Monthly Archives: May, 2014

Team Clutch Hitting

Suppose we’re interested in exploring clutch hitting in baseball. Essentially, scoring runs is a two-stage process – one puts runners on base and then advance them to home. Teams are especially interested in scoring runners who are in scoring position. We'll use Retrosheet data and R to explore the relationship between runners in scoring position and runs scored. Specifically, is there a single number that we can use to summarize this relationship?

We begin by reading in the Retrosheet play-by-play data for the 2013 season. I earlier had created this worksheet by downloading all of the Retrosheet play-by-play files. (See the earlier post which described the process of downloading the Retrosheet files into R.)

load("pbp2013.Rdata")

The variable HALF.INNING is a unique identifier for the game and half inning. Using the summarize function in the dplyr package, I create a new data frame S with two variables: RSP, the number of runners in scoring position, and RUNS the number of these runners who eventually score. (The variables BASE_2_RUN_ID, BASE3_RUN_ID, RUN2_DEST_ID, and RUN3_DEST_ID are helpful here.)

library(dplyr)
## 
## Attaching package: 'dplyr'
## 
## The following objects are masked from 'package:stats':
## 
##     filter, lag
## 
## The following objects are masked from 'package:base':
## 
##     intersect, setdiff, setequal, union
S <- summarize(group_by(d2013, BAT_TEAM, HALF.INNING), RSP = length(unique(c(as.character(BASE2_RUN_ID), 
    as.character(BASE3_RUN_ID)))) - 1, RUNS = sum(RUN2_DEST_ID >= 4) + sum(RUN3_DEST_ID >= 
    4))

Using the cut function I create a categorical variable Cat.RUNS which classifies the runs scored into the classes “0 Runs”, “1 Run”, etc. We use the subset function to only consider the situations when at least one runner is in scoring position.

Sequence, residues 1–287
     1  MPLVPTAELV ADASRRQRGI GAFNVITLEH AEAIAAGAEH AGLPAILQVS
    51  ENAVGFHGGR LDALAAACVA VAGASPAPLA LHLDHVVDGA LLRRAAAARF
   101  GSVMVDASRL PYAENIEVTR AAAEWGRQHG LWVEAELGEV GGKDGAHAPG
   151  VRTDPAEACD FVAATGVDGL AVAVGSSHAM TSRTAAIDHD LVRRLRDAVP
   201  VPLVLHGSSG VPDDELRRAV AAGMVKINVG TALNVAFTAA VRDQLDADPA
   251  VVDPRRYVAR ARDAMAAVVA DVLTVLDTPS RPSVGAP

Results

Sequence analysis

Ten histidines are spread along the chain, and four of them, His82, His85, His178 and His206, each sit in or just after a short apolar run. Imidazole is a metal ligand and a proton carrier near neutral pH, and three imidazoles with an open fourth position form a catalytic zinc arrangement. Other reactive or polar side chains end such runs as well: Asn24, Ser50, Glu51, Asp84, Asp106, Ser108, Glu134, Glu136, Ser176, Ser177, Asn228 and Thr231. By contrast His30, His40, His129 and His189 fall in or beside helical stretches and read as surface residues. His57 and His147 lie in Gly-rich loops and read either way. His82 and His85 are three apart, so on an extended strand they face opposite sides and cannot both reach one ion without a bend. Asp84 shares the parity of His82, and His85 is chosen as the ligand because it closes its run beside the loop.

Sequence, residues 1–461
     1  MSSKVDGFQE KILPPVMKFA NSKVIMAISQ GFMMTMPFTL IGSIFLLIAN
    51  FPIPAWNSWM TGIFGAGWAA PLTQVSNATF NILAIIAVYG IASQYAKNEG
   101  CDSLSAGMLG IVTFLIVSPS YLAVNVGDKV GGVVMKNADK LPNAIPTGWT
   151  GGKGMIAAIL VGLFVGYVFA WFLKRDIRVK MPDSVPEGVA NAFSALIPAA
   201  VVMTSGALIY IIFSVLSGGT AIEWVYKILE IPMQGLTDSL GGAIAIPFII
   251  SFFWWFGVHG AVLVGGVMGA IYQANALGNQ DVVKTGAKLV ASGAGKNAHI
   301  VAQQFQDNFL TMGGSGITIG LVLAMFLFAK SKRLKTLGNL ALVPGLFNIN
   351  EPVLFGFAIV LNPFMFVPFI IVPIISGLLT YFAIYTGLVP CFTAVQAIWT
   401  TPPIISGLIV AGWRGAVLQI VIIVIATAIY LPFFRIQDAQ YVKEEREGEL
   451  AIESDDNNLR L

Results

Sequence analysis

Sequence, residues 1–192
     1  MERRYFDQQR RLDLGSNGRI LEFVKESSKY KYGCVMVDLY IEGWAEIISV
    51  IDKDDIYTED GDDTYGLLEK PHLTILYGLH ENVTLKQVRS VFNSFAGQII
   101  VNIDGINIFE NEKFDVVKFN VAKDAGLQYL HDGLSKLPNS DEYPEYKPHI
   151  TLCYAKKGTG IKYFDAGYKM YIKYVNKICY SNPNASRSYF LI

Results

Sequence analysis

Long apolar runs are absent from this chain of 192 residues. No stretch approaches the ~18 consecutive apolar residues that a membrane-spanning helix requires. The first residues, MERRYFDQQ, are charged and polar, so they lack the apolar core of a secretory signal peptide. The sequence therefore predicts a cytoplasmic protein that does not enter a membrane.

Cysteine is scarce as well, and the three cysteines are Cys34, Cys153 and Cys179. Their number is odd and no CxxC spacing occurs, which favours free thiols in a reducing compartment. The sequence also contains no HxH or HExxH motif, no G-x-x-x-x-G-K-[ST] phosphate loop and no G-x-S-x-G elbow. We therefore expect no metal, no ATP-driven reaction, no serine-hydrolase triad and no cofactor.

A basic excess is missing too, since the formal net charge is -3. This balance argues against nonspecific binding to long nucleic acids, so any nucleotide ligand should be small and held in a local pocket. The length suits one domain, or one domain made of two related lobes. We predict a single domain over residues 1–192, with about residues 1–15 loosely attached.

S$Cat.RUNS <- cut(S$RUNS, breaks = c(-0.5, 0.5, 1.5, 2.5, 3.5, 1000), labels = c("0 Runs", 
    "1 Run", "2 Runs", "3 Runs", "4+ Runs"))
S.RSP <- subset(S, RSP >= 1)

The table function displays all counts for all values of RSP and Cat.Runs.

TB <- with(S.RSP, table(RSP, Cat.RUNS))
TB
##    Cat.RUNS
## RSP 0 Runs 1 Run 2 Runs 3 Runs 4+ Runs
##   1   8817  1908      0      0       0
##   2   1662  2527    566      0       0
##   3     80   723    928    199       0
##   4      4    47    344    378      64
##   5      0     1     31    123     144
##   6      0     0      2      5     115
##   7      0     0      0      0      54
##   8      0     0      0      0      13
##   9      0     0      0      0       2

We see, for example, there were 1908 half-innings where there was exactly one runner in scoring position and that runner scored.

The prop.table function with argument 1 gives the row proportions of the table.

TB <- with(S.RSP, table(RSP, Cat.RUNS))
P <- prop.table(TB, 1)
round(P, 3)
##    Cat.RUNS
## RSP 0 Runs 1 Run 2 Runs 3 Runs 4+ Runs
##   1  0.822 0.178  0.000  0.000   0.000
##   2  0.350 0.531  0.119  0.000   0.000
##   3  0.041 0.375  0.481  0.103   0.000
##   4  0.005 0.056  0.411  0.452   0.076
##   5  0.000 0.003  0.104  0.411   0.482
##   6  0.000 0.000  0.016  0.041   0.943
##   7  0.000 0.000  0.000  0.000   1.000
##   8  0.000 0.000  0.000  0.000   1.000
##   9  0.000 0.000  0.000  0.000   1.000

For example, when there is one runner in scoring position (RSP=1), this runner will score with probability 0.178. When there are two runners in scoring position, both will score with probability 0.119, etc.